Leopard cub dies in Muzaffarabad

Greater Kashmir

Muzaffarabad, Feb 10: A seven-month old leopard cub, which was recovered by the wildlife watchdogs, assisted by the local police, from the illegal possession of a villager on Friday night, succumbed to his illness here on Sunday.
 The cub was in a state of severe stress, hit by common cold and was not eating anything despite desperate efforts by the PaK wildlife department personnel ever since its recovery from Hir Kutli village, some 21 kilometres northwest of here. 
 The confinement had badly affected his health because its illegal occupant did not know how to feed and handle the species.
 The cub, weighing around six kilograms, was supposed to be shifted to Islamabad on Monday for its treatment in the federal zoo in view of unavailability of specialised treatment facilities in the local veterinary labs in the PaK capital.
 However, on Saturday evening, the PaK wildlife department officials were directed by the higher authorities to handover the ailing cub to their counterparts from the neighbouring North West Frontier Province on Sunday for its treatment in a centre in Mansehra district.
 But before anyone could turn up from the NWFP, the young leopard died of his illness at about 3 pm, Sardar Javed Ayub, director PaK wildlife department told this correspondent. 
 He told that the body of the cub would now be transported to Islamabad on Monday for autopsy.
 “This will help us determine the exact cause of the cub’s death,” he said.
 Ayub admitted that his department was not properly equipped to coup with such situations.
 “We don’t have any treatment or diagnostic facilities. Nor do we have any veterinarian on our roll who can properly diagnose and treat wild animals and birds struck by any illness,” he said.
 The wildlife department boss also took strong exception to the incidents of killing or caging the leopards by the villagers on the pretext that it had been eating their cattle and warned such people against strict penalty.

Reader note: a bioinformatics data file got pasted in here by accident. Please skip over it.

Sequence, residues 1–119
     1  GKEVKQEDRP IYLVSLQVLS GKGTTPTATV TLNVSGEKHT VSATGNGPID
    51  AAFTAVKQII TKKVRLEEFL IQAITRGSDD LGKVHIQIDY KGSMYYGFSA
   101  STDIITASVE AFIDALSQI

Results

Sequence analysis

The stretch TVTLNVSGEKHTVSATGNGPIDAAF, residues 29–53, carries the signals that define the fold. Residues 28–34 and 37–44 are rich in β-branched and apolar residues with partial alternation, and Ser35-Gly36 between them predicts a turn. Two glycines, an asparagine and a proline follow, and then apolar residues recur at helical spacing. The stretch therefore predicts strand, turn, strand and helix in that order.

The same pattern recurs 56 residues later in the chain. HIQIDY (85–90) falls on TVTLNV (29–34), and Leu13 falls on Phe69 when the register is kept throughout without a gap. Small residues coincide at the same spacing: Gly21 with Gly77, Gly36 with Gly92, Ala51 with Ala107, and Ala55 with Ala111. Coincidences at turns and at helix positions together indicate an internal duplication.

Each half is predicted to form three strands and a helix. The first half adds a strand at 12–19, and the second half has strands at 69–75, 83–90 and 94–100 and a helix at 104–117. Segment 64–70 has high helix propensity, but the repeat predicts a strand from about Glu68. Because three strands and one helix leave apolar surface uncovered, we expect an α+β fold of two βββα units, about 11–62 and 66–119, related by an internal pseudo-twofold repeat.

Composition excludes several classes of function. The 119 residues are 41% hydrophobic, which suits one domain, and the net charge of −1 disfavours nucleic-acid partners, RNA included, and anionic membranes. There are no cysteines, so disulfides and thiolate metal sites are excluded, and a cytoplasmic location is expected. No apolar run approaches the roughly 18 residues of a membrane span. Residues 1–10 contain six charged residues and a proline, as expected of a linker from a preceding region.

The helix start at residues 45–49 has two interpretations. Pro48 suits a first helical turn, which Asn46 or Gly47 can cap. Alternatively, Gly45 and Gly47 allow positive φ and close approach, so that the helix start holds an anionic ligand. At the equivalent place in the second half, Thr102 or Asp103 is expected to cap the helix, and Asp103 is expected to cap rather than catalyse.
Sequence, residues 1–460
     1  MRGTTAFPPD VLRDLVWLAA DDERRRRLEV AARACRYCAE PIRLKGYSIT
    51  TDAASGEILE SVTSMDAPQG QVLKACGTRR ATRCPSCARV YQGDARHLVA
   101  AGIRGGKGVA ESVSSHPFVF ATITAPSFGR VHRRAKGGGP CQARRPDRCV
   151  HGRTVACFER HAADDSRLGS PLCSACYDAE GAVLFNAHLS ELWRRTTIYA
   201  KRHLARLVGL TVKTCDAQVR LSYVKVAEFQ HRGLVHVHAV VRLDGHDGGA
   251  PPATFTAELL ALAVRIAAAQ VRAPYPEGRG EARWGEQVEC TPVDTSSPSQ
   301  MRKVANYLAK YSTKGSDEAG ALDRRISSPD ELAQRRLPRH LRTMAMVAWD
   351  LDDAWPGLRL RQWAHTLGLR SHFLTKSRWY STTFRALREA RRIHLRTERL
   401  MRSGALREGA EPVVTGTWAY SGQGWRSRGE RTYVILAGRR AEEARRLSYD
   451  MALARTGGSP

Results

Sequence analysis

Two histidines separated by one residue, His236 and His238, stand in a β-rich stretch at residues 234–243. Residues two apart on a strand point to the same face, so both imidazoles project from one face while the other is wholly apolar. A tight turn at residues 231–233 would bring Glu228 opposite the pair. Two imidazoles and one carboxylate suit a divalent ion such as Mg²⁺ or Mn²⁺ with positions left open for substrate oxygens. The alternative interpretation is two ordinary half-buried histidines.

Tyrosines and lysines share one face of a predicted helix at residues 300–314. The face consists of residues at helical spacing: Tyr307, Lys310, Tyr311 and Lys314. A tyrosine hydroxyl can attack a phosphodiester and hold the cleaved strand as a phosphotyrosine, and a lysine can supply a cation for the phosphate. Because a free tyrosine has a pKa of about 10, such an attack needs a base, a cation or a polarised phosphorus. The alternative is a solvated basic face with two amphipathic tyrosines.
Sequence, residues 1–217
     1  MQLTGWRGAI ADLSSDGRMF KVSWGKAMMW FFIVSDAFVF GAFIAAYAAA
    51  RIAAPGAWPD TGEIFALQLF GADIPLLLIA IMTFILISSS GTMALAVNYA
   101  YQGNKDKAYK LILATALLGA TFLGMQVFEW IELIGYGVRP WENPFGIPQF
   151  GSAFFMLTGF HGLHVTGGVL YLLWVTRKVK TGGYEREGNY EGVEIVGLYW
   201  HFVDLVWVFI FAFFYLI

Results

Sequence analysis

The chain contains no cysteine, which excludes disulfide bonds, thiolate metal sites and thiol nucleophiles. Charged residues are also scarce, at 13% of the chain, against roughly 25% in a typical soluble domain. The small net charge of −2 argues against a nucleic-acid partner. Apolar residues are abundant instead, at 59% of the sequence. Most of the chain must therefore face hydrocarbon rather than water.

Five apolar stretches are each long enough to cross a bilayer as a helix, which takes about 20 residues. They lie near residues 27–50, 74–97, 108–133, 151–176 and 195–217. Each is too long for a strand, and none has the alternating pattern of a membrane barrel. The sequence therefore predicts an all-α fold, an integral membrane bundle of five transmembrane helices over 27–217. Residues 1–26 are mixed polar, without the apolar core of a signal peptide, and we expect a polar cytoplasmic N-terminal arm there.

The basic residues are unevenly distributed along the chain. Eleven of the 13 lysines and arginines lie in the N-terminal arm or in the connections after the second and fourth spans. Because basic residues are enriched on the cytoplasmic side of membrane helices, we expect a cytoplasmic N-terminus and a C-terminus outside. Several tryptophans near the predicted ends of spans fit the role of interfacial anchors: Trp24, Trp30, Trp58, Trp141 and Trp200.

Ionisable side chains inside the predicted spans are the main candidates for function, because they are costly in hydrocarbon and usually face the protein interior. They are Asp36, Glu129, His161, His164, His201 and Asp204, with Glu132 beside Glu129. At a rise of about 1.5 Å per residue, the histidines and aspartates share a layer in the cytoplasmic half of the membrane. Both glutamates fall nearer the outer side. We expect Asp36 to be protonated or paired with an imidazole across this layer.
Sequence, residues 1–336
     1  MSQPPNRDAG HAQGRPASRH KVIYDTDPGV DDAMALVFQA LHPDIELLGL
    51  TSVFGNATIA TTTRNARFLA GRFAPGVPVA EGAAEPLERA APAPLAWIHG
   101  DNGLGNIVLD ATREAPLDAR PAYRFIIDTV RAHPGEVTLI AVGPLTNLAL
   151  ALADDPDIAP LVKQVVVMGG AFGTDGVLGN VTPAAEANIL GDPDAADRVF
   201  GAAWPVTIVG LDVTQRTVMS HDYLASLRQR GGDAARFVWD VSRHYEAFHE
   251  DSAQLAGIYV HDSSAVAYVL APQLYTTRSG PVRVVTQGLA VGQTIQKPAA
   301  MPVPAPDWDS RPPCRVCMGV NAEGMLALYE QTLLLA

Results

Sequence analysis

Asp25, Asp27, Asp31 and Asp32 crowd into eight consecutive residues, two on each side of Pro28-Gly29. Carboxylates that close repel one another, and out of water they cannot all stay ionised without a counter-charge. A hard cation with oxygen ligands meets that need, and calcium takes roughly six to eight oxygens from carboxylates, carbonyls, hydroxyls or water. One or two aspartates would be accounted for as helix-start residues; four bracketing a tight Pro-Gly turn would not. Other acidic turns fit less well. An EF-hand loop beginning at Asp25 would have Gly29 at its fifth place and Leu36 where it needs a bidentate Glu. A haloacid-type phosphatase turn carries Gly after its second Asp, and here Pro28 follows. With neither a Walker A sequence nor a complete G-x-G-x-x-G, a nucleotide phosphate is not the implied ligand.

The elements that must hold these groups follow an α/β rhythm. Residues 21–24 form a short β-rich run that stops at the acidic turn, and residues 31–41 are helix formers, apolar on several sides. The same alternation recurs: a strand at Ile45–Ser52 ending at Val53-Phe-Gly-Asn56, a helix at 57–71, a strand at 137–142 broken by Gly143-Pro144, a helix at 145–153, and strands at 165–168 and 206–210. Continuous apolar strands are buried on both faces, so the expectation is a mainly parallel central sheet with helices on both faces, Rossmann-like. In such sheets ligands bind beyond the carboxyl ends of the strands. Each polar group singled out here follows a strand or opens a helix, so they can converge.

“The government will compensate them for the loss of their cattle at the hands of wild animals provided they produce its substantial evidence. But let it be very clear to all that the killing of precious species under this pretext will not be tolerated at any cost,” he said. 
 He said protection of wildlife was a national responsibility of every citizen, and not the government or any particular department alone.
 “Without the cooperation of community, this protection is not possible. Apart from personal efforts, community should immediately inform the authorities concerned about any harm to wildlife by unscrupulous elements,” he said.
 The common leopard, zoologically known as Panthera Pardus, is regarded as “threatened species” which is one degree less than the endangered species. Panthera Pardus is found in the mountains of Kashmir, adjoining Murree hills and parts of the NWFP.
 Although no correct census has been held in any part of Pakistan to determine its population, PaK officials, citing indirect evidence, however claim that it has increased in their region over the past seven or so years.